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Frederick DELIUS (1862-1934)
The Complete Delius Songbook - Volume 1
Seven Songs from the Norwegian RT V/9 (1889-1890) [22:12]
Four Old English Lyrics RT V/30 (c.1915) [9:12]
Eleven Early Norwegian Songs: ‘Over the mountain high’ RT V/2 (undated, Pub.1974) [3:53] and ‘Mountain life’ RT V/6 (1888) [3:18]
‘They are not long, the weeping and the laughter’ RT II/5 (1906) [2:44]
Two Songs for Children - ‘Little birdie’ RT V/29 (1913) 1:43]
Songs to Words by Various Poets - ‘The Nightingale has a lyre of gold’ RT V/25 (1910) [1:54] and ‘I-Brasil’ RT V/28 (1913) [3:48] [English]
Four Posthumous Songs - ‘In the Forest’ RT V/10 (1890/91) [1:58] and ‘I once had a newly cut willow pipe’ RT V/14 (c.1892/93) [2:05] [from the Norwegian]
Three Songs, the Words by Shelley RT V/12 (1891) [8:43]
Five Songs from the Norwegian RT V/5 (c.1888) [17:30]
Mark Stone (baritone) Stephen Barlow (piano)
rec. The Music Room, Champs Hill, London, 30 August -1 September, 9 December 2010
STONE RECORDS 5060192780062 [79:01]

Experience Classicsonline


A.K. Holland hit the nail on the head when he wrote (1952) that ‘in the ultimate assessment of Delius’s art it is conceivable that his songs will occupy a somewhat minor place’. Certainly when set beside the well-known orchestral works such as Brigg Fair, On Hearing the First Cuckoo in Spring and In a Summer Garden or his great choral works such as the Mass of Life and Sea Drift, they will never command a deal of attention. Delius’s situation is not in the same category as those of John Ireland or Benjamin Britten where the ‘lieder’ make up a vital and integral part of their musical achievements, irrespective of what other fine works they produced.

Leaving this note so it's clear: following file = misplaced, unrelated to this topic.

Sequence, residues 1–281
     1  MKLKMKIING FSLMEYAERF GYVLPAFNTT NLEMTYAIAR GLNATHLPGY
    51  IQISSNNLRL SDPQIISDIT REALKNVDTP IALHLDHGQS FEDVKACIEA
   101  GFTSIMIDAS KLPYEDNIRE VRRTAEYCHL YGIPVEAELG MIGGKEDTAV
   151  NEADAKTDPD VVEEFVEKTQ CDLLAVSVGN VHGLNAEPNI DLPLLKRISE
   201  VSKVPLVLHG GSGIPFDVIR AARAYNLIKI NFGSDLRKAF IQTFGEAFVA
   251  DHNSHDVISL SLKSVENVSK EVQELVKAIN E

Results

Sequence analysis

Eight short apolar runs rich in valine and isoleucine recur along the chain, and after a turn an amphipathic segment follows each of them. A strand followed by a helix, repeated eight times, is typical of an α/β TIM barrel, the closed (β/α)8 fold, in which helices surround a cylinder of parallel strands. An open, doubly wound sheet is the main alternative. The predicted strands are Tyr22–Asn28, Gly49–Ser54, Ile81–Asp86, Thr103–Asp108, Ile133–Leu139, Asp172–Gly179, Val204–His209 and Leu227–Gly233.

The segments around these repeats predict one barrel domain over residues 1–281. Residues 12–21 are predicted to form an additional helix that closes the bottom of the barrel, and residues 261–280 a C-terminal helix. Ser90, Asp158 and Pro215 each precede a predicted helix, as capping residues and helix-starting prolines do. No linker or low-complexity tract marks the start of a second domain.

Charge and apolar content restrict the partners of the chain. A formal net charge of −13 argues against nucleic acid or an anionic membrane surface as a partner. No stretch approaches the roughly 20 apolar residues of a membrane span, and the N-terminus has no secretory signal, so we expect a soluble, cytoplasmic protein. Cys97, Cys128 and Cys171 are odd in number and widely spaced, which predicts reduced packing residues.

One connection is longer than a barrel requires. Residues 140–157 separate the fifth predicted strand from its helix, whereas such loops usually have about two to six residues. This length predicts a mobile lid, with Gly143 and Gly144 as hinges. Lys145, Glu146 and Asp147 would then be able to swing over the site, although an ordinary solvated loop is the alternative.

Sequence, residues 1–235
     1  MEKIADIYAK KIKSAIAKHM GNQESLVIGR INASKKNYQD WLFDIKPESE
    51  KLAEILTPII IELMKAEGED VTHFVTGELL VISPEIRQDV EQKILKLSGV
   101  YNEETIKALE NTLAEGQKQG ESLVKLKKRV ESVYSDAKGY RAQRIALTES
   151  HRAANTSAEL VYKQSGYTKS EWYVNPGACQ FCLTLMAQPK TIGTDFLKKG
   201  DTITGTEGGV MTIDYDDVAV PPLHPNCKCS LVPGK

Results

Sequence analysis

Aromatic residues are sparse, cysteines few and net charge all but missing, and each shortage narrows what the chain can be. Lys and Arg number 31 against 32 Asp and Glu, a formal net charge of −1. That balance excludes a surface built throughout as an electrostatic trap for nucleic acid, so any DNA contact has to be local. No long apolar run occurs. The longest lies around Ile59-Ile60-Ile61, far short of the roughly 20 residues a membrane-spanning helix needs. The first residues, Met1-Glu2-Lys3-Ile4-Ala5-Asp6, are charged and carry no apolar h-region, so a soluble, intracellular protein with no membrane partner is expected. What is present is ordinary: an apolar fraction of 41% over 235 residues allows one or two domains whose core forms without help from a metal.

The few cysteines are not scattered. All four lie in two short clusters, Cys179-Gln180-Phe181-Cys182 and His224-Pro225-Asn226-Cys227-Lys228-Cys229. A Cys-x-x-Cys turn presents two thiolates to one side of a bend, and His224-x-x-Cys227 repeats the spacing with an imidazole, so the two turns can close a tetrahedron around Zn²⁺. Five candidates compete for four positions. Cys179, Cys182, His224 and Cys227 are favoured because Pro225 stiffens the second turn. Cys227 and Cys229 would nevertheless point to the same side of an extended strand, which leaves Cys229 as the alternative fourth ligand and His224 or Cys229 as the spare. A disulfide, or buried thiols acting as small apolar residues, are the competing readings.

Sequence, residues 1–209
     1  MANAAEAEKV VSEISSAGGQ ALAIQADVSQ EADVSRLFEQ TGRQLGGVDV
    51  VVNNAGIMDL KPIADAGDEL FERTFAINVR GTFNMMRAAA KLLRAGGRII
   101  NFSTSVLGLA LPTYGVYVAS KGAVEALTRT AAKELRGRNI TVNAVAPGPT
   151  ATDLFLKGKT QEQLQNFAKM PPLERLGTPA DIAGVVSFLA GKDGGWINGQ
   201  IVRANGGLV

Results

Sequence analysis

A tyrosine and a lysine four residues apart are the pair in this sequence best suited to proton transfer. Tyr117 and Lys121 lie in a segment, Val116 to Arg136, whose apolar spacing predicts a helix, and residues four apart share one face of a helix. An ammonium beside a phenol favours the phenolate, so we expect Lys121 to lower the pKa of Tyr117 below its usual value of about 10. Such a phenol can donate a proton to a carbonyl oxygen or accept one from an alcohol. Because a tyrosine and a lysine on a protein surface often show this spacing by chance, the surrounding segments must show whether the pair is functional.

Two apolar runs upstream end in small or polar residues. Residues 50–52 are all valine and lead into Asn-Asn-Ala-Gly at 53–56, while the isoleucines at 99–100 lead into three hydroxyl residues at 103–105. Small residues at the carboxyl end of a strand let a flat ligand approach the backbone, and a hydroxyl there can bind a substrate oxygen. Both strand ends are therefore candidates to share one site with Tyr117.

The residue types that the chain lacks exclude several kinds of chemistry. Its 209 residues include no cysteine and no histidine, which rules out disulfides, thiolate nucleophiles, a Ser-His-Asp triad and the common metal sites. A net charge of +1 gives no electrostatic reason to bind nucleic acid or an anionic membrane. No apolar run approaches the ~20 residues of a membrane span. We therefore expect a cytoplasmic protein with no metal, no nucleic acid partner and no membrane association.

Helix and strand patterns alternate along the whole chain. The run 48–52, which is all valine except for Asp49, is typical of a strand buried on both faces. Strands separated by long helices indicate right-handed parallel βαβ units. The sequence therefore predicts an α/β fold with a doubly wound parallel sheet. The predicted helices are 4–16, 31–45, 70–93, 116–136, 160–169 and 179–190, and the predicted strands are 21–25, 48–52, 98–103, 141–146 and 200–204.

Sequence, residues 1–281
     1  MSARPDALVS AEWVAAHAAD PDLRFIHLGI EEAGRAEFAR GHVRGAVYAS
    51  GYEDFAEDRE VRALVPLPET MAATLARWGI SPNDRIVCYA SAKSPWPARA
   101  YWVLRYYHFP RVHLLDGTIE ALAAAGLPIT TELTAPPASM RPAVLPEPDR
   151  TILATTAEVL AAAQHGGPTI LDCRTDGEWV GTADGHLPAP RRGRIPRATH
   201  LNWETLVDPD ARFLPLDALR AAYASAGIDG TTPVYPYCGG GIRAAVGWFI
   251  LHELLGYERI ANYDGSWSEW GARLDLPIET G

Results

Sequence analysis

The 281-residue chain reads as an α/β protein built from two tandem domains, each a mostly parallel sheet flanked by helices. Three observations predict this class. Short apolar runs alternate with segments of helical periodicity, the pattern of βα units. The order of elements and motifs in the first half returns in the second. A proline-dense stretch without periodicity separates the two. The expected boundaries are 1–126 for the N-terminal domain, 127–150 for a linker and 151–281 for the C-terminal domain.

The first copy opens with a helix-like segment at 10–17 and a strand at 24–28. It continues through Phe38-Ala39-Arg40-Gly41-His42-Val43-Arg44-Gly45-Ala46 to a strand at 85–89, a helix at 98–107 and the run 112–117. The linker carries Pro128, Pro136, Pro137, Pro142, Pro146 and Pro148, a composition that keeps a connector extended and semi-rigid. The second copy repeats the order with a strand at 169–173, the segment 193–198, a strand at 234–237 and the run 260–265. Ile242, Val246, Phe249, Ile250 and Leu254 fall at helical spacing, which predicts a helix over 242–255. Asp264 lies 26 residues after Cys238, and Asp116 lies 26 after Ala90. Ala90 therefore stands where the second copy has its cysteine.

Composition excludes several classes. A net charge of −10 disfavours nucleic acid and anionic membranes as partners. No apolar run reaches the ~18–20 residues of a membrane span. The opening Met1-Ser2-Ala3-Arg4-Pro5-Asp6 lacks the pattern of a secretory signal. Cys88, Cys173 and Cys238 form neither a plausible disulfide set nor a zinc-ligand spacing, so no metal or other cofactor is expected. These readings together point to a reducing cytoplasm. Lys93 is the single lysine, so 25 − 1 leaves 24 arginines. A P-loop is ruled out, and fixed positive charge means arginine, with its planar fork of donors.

Yet there is a danger that in accepting the largely incidental nature of the songs to his corpus of music, we cast them aside as undeserving and trivial. Nothing could be more mistaken or wrong-headed. They may not define the composer’s career, but they are worthy and enjoyable examples of the genre which both entertain and move. 

I have made a quick check of these songs against Robert Threlfall’s (RT) catalogue and also the Mary Christison Huismann Guide to Research and conclude that there seem to be about 61 songs currently listed. The present CD contains some 27: the others remain to be issued. 

Any consideration of this excellent new Delius CD will involve the listener taking a view about the use of English throughout. I am a traditionalist at heart and consider that if a song, opera or oratorio is written in a particular language, then that is how it ought to be heard. There are times when I do get off my ‘high-horse’ - for example, with some of the excellent performances at the Coliseum with English National Opera. The problem arises with a number of the songs recorded here: the beautiful ‘Funf Lieder’ and the ‘Sieben Lieder’ both ‘from the Norwegian’ which Delius originally set in German! The purist (or the pedant) would argue that they must therefore be sung in German. However as they had already been translated (Norwegian to German), then another translation (German to English) does not do too much harm to the artistic integrity of the music.